Even before construction begins on the long-anticipated expansion of the University-Spadina subway line, estimated costs are already $122.8 million over the original budget, and critics fear that gap can only grow, wrote the National Post Dec. 9.
Of six stations to be built to carry the Toronto subway north into York Region, four are already over budget, including the two most developed projects – Sheppard West station, which is $42.8 million over its original $59.2-million budget, and York University station, $29 million over the $86-million budget. There are no figures available for the remaining two, Finch West and Vaughan Corporate Centre stations, the Post said.
Sheppard West and York University are in the design and development stage; the others are still in the early stages of design. The line is expected to be in full service in late 2015.
Andy Bertolo, chief project manager of the extension for the TTC, said he still expects “to be on budget, barring any serious, unforeseen issues.” The current budget, set just last year, allows for $400 million to $500 million in contingency costs, he said.
The TTC continues to hold public open houses on the expansion. The latest was held at York University, where many are excited about the new line. “We’ve been looking forward to this for 20 years,” said Bud Purves, president of the York University Development Corporation. Purves said 30,000 people commute to the campus every day.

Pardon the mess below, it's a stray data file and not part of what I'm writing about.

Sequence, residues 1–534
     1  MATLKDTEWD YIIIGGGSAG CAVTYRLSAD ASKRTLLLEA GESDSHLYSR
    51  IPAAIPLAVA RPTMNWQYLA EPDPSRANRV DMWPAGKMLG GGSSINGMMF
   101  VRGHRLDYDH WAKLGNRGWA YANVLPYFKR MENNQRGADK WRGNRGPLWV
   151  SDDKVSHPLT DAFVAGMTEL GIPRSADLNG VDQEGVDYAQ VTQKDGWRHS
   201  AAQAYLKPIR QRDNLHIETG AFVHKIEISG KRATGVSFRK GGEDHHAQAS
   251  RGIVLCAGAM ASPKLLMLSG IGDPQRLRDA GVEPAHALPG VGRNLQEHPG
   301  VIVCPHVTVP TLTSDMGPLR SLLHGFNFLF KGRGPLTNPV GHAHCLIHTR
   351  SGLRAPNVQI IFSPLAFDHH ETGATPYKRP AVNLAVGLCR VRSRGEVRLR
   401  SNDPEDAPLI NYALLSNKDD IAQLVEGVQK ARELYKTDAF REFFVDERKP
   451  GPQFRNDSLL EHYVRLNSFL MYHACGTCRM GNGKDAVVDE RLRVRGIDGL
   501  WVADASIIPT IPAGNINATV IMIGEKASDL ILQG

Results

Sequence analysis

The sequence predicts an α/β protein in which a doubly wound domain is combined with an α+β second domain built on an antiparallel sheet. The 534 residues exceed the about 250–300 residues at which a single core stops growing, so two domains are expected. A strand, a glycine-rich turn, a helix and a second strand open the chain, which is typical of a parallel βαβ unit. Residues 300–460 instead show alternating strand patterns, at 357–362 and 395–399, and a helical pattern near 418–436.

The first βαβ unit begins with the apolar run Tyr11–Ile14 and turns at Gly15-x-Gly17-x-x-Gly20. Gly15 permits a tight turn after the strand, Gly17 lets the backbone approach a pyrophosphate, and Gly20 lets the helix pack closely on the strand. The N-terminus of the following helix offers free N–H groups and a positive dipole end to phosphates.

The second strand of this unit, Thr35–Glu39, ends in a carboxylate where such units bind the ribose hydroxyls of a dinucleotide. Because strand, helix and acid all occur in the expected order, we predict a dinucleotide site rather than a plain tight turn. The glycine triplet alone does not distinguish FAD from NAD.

The line will connect all of Toronto’s academic institutions by rapid transit and take a significant number of buses off the road, both City Councillor Karen Stintz and Purves pointed out.
The Toronto-York Spadina Subway Extension Project will be the first TTC rapid transit line to cross the City of Toronto boundary. The new line will run new subway trains, include 2,900 commuter parking spaces at various stations and feature artwork by both Toronto and international artists (the TTC generally allocates at least one per cent of the overall cost of public spaces in stations for public art). Tunneling for the line will begin next year, and it is expected to be up and running by 2015, the Post said.
Six stations will be built along the extension, although their names are subject to change at this point:
3. York University
One of two stations on York University land, the York station will be near the University’s Harry Arthurs Common. Expected to be completed by November 2014, the station was originally budgeted to cost $86 million, but its estimated final cost is now $115 million. Preliminary designs on the station will be completed by July 2010. Jason Bruges Studio, based in London, UK, will provide the artwork.
4. Steeles West
The other station on York University land, Steeles West station, will be built at Northwest Gate and Steeles Avenue, east of Jane Street. The station, which lies on the border, was budgeted to cost $133 million, but the estimated final cost has risen to $145 million, the Post said. The station will have 1,900 commuter parking spaces and is expected to be completed by September 2014. The station is currently in the preliminary design stages. Jan Edler (realities: united), an art collective based in Berlin, Germany, will create public art for this station.